Cooperation with third countries: exisiting and planned regional networks set up between Member States and neighbouring third countries shall be linked to EUROSUR via the national coordination centres.

Implementation: taking into account that Member States and the Agency are already in the process of setting up the different components of EUROSUR at national and European level, EUROSUR should become operational in the second half of 2013. The Joint Research Centre of the European Commission should provide the Agency with technical support on the further technical development of EUROSUR.

Monitoring and evaluation: the Agency shall submit a report on the functioning of EUROSUR on 1 October 2015 and every two years thereafter. The Commission shall provide an overall evaluation of EUROSUR to the European Parliament and the Council on 1 October 2016 and every four years thereafter.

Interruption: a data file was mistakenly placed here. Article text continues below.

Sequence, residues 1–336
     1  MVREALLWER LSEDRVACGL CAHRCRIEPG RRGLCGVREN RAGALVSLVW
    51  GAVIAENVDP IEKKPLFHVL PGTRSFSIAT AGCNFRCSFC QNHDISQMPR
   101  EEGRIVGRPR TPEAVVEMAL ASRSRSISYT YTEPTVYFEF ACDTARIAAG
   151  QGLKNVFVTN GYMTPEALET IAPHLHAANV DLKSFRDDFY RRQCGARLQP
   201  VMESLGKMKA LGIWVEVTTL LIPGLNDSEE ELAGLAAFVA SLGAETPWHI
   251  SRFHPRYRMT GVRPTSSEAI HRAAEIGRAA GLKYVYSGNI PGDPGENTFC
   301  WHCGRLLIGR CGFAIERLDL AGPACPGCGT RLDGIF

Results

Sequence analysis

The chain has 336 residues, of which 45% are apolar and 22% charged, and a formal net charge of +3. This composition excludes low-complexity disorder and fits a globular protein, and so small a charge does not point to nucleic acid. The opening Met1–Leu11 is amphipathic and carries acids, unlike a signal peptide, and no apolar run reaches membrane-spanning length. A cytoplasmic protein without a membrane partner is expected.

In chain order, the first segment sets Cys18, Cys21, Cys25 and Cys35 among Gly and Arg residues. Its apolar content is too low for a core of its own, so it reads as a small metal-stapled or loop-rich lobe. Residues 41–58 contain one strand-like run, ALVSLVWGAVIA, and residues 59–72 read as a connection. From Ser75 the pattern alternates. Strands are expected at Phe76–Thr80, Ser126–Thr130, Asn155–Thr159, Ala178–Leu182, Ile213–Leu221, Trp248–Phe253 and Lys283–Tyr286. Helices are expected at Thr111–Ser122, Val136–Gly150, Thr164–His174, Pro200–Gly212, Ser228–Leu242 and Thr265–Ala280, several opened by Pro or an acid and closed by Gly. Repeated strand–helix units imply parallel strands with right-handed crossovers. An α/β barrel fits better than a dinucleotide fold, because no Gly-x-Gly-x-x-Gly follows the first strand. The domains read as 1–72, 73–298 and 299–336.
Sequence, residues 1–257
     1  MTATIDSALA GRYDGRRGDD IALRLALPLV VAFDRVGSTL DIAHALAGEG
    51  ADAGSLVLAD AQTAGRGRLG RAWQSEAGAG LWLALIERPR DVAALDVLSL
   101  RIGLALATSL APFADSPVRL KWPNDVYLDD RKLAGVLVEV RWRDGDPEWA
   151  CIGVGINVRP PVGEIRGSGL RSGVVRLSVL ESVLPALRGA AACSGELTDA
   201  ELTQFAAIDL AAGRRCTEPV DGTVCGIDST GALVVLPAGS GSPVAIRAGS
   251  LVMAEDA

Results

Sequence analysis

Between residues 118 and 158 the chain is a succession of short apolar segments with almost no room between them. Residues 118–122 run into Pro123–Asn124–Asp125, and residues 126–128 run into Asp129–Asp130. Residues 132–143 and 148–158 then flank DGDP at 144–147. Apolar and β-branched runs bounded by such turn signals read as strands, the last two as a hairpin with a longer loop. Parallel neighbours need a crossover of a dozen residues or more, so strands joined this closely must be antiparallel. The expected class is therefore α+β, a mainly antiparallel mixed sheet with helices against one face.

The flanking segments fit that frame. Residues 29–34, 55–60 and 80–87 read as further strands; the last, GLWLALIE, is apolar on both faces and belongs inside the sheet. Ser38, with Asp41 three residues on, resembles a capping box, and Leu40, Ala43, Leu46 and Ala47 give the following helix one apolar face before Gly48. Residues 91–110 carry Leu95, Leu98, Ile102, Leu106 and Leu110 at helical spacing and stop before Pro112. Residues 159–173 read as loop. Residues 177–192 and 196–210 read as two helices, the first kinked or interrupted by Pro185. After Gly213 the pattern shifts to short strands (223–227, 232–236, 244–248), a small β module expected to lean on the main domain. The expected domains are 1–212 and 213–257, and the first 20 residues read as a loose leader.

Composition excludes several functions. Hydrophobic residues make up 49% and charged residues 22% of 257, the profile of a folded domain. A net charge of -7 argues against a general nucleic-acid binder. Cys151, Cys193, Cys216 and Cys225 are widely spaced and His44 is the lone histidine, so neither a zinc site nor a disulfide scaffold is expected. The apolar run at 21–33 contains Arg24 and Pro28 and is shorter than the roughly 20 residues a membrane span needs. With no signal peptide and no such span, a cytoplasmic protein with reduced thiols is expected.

Fundamental rights and data protection requirements: this proposal was subjected to scrutiny to ensure that its provisions are fully compatible with fundamental rights and notably human dignity, prohibition of torture and inhuman or degrading treatment or punishment, right to liberty and security, right to the protection of personal data, non-refoulement, non-discrimination and rights of the child. Particular attention was paid to Articles 4 and 19(2) of the EU Charter of Fundamental Rights, which prohibit removal of persons to a State where there is a serious risk of death penalty, torture or other inhuman or degrading treatment or punishment.